So for those of you who know me, you know that I love coffee. Like, LOVE COFFEE. I don’t drink it black, even though I know I should. It needs a dash of sugar and a splash of 1/2 & 1/2 to reach perfection.
Why did I mention this? Well because my brain is dead and the title had 1/2 & 1/2 in it and I needed an intro. Let’s focus on the point: What 1/2 & 1/2 has to do with my classroom.
The other day I got into a convo on twitter here (oh and look at that. It starts with a GIF about coffee. So #onBrand and makes this into look planned) about why I like routines in my classroom. In particular how smaller routines fit into a larger routine that is the 1/2 and 1/2.
The Large Routine- a.k.a. The 1/2 &1/2:
I strive, for each period with my students, to spend 1/2 of the class period practicing math or actively doing math and 1/2 the class period learning new math. I teach on an hour block, and do have daily warm ups and, if my pacing/timings work out, a debrief/closing. Now here’s the “weird” part:
- First half of class: Practice from previous day(s) classes.
- Second half of class: New math learning. Either from a lecture or student exploration/discovery activity.
In 2018 I finally got the chance to make it to one of Anna Vance’s Make It Stick sessions at TMC18 in Cleveland where she presented alongside my now co-worker Alli George. Their presentation convinced me that if I wanted my students to actually learn the material in my classroom I needed to make sure that I structured the learning sequence in such a way that I am actively fighting the forgetting curve.
If the forgetting curve is new for you, its basically this pretty scary looking exponential decay function that represents the amount of knowledge retained (remembered) as a function of time assuming the content is taught only one time. Here’s a graph with an x-axis that does cause some concern for a math teacher given the non-linear nature of the x-axis…but let’s not focus on that right now as the visual still gets the point across: we forget stuff pretty quickly.
And if you don’t believe that curve. Ask someone for their phone number, don’t write it down, go think about something else for 10 minutes, and then try to remember the number. You probably won’t remember the number.
So here’s the main idea between Make It Stick, and another book I’m almost done reading called Powerful Teaching:
Interrupt the forgetting curve by: Lagging (delaying) practice from when the content is learned, come back to the content often, and mix up the content with other content so that students are seeing more than one topic at a time.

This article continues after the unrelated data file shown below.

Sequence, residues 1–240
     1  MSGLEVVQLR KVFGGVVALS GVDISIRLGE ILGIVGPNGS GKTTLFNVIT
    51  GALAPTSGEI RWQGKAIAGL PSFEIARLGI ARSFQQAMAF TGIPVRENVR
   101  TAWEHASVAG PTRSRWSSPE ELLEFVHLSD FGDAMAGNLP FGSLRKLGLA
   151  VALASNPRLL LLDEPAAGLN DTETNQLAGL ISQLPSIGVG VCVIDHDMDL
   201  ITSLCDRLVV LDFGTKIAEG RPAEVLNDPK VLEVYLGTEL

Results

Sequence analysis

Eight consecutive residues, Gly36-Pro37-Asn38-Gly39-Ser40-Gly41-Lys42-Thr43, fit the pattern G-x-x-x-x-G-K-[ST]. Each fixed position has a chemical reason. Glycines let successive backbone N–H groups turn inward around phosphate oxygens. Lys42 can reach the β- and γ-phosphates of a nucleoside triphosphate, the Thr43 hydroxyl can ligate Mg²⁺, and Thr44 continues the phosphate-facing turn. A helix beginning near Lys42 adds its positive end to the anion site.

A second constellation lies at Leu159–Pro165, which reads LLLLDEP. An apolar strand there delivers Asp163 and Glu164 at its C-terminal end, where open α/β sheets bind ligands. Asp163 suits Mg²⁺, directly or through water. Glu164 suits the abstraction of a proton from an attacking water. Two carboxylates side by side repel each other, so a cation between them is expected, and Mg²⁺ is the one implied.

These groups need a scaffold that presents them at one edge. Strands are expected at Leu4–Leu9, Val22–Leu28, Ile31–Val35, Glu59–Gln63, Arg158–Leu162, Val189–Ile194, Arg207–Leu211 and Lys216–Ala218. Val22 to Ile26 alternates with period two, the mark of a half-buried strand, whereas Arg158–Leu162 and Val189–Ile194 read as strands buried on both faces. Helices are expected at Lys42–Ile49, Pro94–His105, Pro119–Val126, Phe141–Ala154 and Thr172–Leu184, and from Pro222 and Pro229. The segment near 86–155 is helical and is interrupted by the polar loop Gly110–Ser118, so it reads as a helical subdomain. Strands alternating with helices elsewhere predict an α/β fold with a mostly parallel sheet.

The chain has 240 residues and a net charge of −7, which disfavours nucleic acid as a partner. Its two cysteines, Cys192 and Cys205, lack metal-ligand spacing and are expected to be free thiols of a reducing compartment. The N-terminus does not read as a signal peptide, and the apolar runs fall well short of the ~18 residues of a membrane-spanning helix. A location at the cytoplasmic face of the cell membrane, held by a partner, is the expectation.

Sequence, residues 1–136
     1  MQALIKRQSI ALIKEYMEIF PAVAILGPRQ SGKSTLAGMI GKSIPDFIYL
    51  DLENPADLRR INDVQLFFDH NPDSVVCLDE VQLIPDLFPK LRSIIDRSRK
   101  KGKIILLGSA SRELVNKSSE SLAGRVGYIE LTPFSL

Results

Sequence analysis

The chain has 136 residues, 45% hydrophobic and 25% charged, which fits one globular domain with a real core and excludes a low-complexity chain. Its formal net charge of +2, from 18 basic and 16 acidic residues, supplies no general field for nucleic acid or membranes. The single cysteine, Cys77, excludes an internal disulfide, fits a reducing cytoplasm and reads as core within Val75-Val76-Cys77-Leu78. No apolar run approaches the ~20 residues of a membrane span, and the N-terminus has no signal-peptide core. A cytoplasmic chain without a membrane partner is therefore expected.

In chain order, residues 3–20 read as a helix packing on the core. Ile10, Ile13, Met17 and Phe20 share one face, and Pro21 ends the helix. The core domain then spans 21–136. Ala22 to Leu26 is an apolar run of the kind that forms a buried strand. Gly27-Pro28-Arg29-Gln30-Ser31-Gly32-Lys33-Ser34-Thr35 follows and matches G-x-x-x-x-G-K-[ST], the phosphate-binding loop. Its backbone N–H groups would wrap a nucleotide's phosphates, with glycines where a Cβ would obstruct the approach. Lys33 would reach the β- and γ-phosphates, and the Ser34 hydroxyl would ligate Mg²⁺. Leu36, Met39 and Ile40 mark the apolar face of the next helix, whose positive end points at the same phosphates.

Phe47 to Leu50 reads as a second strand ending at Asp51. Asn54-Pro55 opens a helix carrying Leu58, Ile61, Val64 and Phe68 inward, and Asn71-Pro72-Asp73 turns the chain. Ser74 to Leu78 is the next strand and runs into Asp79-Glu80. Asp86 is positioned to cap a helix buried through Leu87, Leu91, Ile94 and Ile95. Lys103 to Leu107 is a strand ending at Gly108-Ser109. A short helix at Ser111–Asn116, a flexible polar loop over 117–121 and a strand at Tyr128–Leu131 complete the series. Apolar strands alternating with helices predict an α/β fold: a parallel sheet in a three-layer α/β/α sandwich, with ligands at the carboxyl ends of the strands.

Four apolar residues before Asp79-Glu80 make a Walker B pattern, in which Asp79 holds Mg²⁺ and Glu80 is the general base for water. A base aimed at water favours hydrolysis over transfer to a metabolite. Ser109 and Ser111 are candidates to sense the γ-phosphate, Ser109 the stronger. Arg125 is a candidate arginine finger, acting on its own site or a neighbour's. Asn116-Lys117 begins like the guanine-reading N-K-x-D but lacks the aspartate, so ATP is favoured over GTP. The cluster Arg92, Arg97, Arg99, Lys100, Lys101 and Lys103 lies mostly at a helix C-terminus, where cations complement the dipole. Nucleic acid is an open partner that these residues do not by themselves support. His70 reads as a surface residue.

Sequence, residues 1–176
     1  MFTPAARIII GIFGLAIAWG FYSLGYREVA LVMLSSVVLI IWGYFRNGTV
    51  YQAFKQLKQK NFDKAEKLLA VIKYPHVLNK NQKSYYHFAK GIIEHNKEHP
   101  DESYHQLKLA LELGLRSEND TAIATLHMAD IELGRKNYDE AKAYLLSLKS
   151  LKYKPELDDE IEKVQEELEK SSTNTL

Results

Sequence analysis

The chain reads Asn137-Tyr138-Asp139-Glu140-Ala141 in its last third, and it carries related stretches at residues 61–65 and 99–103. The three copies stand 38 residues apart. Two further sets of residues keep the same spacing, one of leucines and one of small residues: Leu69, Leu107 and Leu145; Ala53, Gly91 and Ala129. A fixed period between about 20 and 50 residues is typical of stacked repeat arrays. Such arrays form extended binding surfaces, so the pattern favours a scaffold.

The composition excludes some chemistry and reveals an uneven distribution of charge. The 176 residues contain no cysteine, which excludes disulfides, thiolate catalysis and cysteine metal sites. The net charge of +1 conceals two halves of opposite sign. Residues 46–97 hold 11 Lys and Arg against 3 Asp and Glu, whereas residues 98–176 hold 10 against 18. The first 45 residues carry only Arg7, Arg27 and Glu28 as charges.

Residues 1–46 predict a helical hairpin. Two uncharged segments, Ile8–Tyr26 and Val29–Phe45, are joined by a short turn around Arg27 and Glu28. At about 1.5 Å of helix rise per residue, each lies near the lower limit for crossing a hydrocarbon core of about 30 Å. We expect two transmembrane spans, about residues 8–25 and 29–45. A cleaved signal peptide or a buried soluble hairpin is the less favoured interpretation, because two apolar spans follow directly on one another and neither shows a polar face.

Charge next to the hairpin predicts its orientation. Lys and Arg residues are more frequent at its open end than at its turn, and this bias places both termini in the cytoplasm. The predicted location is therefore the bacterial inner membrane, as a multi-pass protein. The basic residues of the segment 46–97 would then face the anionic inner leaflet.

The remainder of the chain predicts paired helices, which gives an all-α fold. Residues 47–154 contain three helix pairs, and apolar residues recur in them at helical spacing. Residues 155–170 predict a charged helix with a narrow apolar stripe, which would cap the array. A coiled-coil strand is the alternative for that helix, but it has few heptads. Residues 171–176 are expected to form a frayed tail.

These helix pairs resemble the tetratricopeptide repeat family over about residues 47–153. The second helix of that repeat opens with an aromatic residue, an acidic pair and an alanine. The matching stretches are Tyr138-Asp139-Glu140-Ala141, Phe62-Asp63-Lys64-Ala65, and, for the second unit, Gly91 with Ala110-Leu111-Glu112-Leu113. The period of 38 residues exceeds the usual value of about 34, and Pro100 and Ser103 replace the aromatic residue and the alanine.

Now, if you are like me in 2017 when Anna first told me that, you’re thinking, “NO WAY! That sounds miserable as a learner! They’ll never get to get into a ‘groove’ of practicing problems and they’ll be frustrated!”
EXACTLY! THAT’S THE WHOLE POINT! If we allow students to semi-forget something, have them do practice that requires retrieving that stored information from their memory and use it over and over again they will be more likely to remember it!
Back to the phone call analogy. Remember the days of analog phones? Like the pre-speed dial phones connected to the wall but new enough to have push buttons. What’s was the phone number of your best friend from those days? Funny, I bet you remembered that one! Wanna know why? Because you had to think about recalling(reviewing) the number and dialing it every time you wanted to talk to them.
Have I convinced you? If not, seriously go read Make It Stick. It changed my life and I thank Anna and Alli for that.
So that is my long-winded way of saying “here’s why we practice old material first and then learn new material second in class.”
The Smaller Routines-a.k.a. The Instructional Routines:
While routines are wonderful in the sense that they make us comfortable by removing the unknown, doing the same thing over and over again can get boring. One of the things I find most amusing about myself, and I’m going to guess this is true for you all reading this blog as well, is that I despise change, but I also hate being in a rut.
The large routine of 1/2 & 1/2 stays the same, but I like to cycle through the routines that occupy each 1/2 so that we all get a bit of variety in our lives. Here’s what I used last year:
Practice Routines as First 1/2 of Class:
I like things where the answers are either given or can be self checked so that my time is spent with students who are stuck/struggling and not with students who just want me to check their work.
- Question Stacks: These can easily be made from existing worksheets or worksheets found online. Sarah Carter (@mathequalslove) has a blog post explaining how to make them here.